They'd rather arrest them. Parade escort, Krakow pride.

26 Hours With the Polish Police

An Arrested LGBT Activist Speaks, Part II

The three prisoners in the cell will spend the night at the Mostowski Palace, where the Capital Police Headquarters is located.

Once there, Linus Lewandoski is placed in a two-person cell with another political prisoner, who was jailed for being at the wrong place at the wrong time.

They want to fall asleep, but the light is on all night. Each prisoner gets a mattress, a sheet and a blanket.

None appears to have been changed or washed, despite the coronavirus pandemic. Linus asks if the light can be turned off. “No!”, he is told.

Linus thinks of his partner, Rafał. They proposed to one another and consider themselves fiancés.

Linus follows Rafał’s whereabouts on his phone and vice versa. Now it’s impossible, as Linus’ phone has been confiscated.

Linus doesn’t know where Rafał is, but he knows that Rafał can’t sleep since he doesn’t know where Linus is and what’s happening to him.

He’s frustrated he hasn’t heard from his lawyer, Adam. They’ve known each other for years. “He should talk to me! I warned him I’d probably need him. He’ll probably come tomorrow,”

Ever since Linus’ arrest, Rafał moves every stone in town looking for his partner. He convinces the attorney that Linus needs help.

However, the police do not want to tell anyone about Linus and the other detainees’ whereabouts. Lawyers and opposition MPs, and activists, are looking for them.

Through the window of the station, Platforma Obywatelska (Civic Coalition) MP Klaudia Jachira reads the names of the detainees to worried relatives.

This is how Rafał finally finds out about his fiancé being transported to Mostowski Palace.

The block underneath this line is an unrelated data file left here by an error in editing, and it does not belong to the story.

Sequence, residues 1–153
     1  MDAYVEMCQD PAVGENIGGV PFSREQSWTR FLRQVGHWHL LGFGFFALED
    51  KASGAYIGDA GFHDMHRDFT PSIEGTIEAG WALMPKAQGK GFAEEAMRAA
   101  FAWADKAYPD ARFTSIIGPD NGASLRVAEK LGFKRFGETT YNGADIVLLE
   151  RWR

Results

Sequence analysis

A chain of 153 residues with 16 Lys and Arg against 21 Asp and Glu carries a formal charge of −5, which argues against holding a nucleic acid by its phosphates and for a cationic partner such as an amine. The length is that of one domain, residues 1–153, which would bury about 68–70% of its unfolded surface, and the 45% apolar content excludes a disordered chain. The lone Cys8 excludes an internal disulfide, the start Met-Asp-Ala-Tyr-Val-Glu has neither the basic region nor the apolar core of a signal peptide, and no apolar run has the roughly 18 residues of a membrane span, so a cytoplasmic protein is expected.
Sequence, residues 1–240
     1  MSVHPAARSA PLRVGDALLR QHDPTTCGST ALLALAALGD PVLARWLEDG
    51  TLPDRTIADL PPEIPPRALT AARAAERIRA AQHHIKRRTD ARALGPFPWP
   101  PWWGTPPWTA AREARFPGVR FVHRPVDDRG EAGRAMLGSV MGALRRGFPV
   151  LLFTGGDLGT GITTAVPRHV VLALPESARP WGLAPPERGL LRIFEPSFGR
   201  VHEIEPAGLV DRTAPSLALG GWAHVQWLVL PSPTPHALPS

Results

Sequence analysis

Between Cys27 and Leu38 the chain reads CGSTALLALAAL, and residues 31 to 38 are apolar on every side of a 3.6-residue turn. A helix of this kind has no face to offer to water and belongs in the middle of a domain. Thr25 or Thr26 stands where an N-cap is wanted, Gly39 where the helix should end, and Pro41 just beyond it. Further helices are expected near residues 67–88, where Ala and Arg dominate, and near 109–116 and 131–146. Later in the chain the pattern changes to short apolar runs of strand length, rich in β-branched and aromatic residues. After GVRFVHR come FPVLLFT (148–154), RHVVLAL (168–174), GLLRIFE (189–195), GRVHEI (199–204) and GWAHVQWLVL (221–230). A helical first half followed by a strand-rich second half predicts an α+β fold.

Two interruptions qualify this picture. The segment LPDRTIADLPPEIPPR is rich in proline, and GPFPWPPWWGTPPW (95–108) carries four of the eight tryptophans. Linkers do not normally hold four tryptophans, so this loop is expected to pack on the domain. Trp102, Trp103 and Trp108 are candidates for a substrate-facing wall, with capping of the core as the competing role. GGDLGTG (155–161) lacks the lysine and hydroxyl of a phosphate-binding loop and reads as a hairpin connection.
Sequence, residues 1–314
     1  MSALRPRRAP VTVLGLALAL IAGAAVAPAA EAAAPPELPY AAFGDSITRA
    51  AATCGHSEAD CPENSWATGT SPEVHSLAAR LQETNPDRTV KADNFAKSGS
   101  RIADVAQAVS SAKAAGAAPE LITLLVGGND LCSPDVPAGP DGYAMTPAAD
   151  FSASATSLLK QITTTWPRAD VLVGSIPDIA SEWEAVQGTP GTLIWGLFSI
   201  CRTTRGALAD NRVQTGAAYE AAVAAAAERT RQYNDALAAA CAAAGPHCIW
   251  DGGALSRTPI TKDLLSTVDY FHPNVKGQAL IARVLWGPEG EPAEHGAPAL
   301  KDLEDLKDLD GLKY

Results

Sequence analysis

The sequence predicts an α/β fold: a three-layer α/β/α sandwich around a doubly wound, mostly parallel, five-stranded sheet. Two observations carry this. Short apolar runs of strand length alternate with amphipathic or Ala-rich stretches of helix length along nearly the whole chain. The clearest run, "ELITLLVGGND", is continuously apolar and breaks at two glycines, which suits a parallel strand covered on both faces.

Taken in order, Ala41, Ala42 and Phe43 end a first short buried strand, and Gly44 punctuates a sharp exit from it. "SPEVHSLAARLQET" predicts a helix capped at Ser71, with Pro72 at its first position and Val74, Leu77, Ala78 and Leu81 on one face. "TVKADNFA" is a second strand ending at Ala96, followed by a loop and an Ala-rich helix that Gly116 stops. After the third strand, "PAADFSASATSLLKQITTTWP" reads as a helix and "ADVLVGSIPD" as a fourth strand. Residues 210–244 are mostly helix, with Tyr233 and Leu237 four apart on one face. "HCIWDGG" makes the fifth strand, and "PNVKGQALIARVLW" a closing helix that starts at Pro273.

However, at 3 AM, police officers inform Patria Razem (Left Together) MP Agnieszka Dziemianowicz-Bąk and Linus’ lawyer that no one from the demonstration is being held at Mostowski Palace.

Moreover, they indicate that Linus is in police custody at Wilcza street. Meanwhile, Linus is trying to sleep with the light on.

The lawmakers leave. Activists looking for missing detainees realise that there are no beds at the Wilcza street station. No one is being held there.

Some begin to fear the worst.

Act 3. Saturday Morning

Linus gets a sandwich and a half, toast and pâté, for breakfast.

The 27-year-old says the sandwich certainly doesn’t meet the statutory 780 calories. He has been hungry all night. He’s still hungry after breakfast.

Linus is bored. He can borrow newspapers. There are books, brought privately by a guard, and twenty issues of Men’s Health.

But how can a millennial IT scientist be without a phone this long?

Lunch is richer now, but Linus is still hungry. He gets potato soup with meatballs. The warden gives him an extra slice of bread.

Linus will remember this gesture. There’s so little human kindness behind these walls. Yet this palace was once a parlour for literature and music.

The police say that after lunch, representatives of the Helsinki Foundation for Human Rights will come by. A couple of lawyers from the Ombudsman’s office arrive instead.